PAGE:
There was a draft bill with the 42 consensus points amending R.A. 9054, the submission of which to the Congress Misuari vetoed pending the resolution of the three contentious issues deemed not within the purview of the Review, according to then PAPP Secretary Teresita Quintos-Deles. The adoption of the draft, even if revised, will save time; but the negotiation on the three contentious issues can upset the timeline for the submission of the MNLF-Misuari draft to the Congress.

The Moro Islamic Liberation Front (MILF)-led Bangsamoro Transition Commission (BTC) may be able to submit its draft bill to the Congress on or before July 2017. However, legislative action has to wait for the MNLF-Misuari draft bill.

But here’s the bombshell! Parcasio stated the MNLF-Misuari position: Letting Congress do the convergence of the draft laws of the MNLF and MILF would be a disaster. He knew that the MNLF-Misuari draft and that of the MILF-led BTC with MNLF-Sema, MNLF-Alonto, IPs and LGUs would have conflicting provisions. Even if the Congress would try to consolidate the two drafts, the law will be unacceptable to both parties.

He told the conference participants of his wishing for the moon. There must be “one common proposal of the MNLF and MILF” but how that can be done, “yan dapat natin pag-isipan” (that we should think about).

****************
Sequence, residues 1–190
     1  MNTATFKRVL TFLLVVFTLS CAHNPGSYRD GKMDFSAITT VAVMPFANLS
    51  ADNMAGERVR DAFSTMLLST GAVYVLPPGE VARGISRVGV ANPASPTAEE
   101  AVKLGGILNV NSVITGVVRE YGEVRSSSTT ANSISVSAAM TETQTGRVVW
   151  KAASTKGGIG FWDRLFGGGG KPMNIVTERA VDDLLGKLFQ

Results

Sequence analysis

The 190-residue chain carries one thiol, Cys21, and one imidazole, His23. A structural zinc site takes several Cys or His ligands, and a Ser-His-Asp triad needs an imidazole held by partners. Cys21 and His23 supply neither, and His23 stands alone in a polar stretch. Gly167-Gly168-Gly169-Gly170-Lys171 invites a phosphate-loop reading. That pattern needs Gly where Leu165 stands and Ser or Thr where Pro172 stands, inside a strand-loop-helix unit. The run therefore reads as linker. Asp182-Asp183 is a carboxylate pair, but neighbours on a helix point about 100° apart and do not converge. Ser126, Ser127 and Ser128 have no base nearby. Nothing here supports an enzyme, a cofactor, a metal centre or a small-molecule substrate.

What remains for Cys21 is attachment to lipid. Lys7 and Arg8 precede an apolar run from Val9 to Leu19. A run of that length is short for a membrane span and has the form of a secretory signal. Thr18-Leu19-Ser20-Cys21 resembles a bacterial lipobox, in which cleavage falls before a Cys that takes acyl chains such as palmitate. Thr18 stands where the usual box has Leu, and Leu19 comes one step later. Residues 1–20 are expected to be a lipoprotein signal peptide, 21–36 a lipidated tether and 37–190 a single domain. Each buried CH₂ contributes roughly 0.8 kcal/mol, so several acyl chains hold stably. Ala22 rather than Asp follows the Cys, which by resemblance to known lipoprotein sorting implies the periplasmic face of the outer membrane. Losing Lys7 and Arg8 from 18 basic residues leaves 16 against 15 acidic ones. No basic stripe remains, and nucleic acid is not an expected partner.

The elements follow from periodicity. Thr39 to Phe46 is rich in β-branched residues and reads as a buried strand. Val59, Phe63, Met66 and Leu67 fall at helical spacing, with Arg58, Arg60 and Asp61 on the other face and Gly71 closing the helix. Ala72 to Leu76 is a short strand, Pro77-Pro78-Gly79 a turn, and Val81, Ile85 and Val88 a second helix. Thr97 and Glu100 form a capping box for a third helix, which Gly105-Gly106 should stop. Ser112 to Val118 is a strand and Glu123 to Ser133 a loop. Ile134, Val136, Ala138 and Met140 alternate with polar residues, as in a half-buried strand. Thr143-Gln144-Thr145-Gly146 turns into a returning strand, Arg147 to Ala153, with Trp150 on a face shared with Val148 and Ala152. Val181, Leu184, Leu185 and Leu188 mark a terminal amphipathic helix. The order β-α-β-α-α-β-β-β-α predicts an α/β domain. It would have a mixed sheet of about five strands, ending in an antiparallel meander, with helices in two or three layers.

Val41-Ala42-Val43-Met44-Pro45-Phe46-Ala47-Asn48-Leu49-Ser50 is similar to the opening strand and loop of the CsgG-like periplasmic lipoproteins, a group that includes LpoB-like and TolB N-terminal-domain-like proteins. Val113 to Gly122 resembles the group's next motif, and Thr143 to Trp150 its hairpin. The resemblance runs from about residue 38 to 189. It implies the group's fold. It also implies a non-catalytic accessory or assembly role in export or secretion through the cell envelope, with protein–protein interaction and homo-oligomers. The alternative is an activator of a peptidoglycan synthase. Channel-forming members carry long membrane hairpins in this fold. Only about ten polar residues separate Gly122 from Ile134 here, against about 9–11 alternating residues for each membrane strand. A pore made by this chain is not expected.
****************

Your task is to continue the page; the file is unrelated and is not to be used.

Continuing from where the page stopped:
He is asking Allah for a miracle of mixing oil and water. “Let us pray to Allah that the MNLF and MILF will come up with a common proposal.”

Can the OIC and Mr. Duterte do what Allah is being implored to do? But for forty years the OIC has failed to unite the MNLF and MILF. After the signing of the 1996 FPA, the MNLF splintered into several factions. Misuari has snubbed the BCF which the OIC intended to unite the Moro Fronts. And, Mr. Duterte? He failed to make EO No. 08 unite MNLF-Misuari, other MNLF factions and the MILF in one track according to his BPDR – imperiling the more the Bangsamoro.

Tomorrow: EO No. 08, s. 2016